Crisis in Ireland tests eurozone vision of common currency, common interests
The Greece and Ireland debt crises have raised more questions about a currency that was supposed to unify Europe.
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Germany, which now feels that it’s being asked to indirectly finance Ireland’s government spending, has been among the loudest critics of the country’s low corporate tax rate.Skip to next paragraph
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And while aid for Ireland may ease investor jitters, it may not solve the longer-term issues of guarding the euro from the woes of individual members.
“What we are all talking about now is whether these bailout packages answer the question,” says Rym Ayadi at the Center for European Policy Studies in Brussels. “I’m not sure the packages provide a fire wall at all. Greece is not yet out from the turmoil, and it isn’t clear that bailout will solve the problems that next cases like Portugal have.”
While Merkel and other advocates of greater austerity argue that bailouts should come with more fiscal belt-tightening, including deep cuts in social welfare and pensions, the political effect of such cuts is unclear.
Bruce Stokes of the German Marshall Fund in Washington worries that clashes among member states in this new era are bound to be significant. “The Irish crisis is a reminder that Europe is involved in a slow-motion train wreck,” Mr. Stokes says.
Gabor Steingart, chief editor of the German financial daily Handelsblatt, went further. He called Merkel's policy the equivalent of "Versailles without war."
"The 72 million Greeks, Irish, Spanish, and Portuguese owe 1.5 trillion euros to European banks," wrote Mr. Steingart, adding that “states in distress can scrimp and save to the point of self-strangulation...."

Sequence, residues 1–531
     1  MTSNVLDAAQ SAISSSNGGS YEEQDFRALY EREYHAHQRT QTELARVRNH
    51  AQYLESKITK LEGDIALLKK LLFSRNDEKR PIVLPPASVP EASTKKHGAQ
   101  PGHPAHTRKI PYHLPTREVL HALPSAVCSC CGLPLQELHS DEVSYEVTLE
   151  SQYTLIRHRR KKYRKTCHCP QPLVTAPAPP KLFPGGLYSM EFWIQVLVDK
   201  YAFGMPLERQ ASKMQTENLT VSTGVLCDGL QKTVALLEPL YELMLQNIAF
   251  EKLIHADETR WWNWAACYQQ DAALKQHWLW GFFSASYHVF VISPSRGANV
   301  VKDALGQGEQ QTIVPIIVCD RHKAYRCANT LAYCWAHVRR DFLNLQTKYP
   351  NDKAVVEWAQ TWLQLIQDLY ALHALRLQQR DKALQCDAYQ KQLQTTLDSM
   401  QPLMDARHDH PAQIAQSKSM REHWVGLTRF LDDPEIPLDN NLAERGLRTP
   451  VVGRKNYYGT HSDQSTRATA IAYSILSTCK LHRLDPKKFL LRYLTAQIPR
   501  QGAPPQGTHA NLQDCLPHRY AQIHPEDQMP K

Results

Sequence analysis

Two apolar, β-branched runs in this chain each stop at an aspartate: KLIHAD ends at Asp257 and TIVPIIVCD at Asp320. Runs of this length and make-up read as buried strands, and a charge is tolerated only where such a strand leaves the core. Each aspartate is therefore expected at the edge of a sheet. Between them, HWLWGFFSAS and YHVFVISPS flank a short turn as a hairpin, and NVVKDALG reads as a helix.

Indeed, the euro crisis comes as the romantic idea of a postwar Europe moving ever closer to complete unity is increasingly in question – even as EU membership expands to 28 when Estonia joins next year. That vision is succumbing to a new populist spirit and a new antiforeign sentiment. Times are tough. Europe must adjust. And that seems to be the new normal.
Not everyone sees that emerging view in a positive light.
“We are going back not only to the nation, but to the tribe within the nation,” says Karim Emile Bitar at the Institute for International and Strategic Relations in Paris. “We are moving from a postnational society to a Middle Ages mentality almost overnight.... The euro crisis is taking place in a European identity crisis.”
IN PICTURES: Some of the world's most eye-catching currencies
Which way forward?
Debt crises in weaker eurozone nations threaten to undermine the euro and sink other eurozone economies. Among the possible directions:
• Bailouts: Greece got one in May; Ireland is next. Will Portugal follow? Or Spain?
• Austerity: Solvent Germany has been vocal in urging deep cuts and tax hikes.
• Fracture: Institute two eurozones, one for the rich north, one for the poorer south.
• Withdrawal: Nations consider the drastic step of dropping out of the eurozone.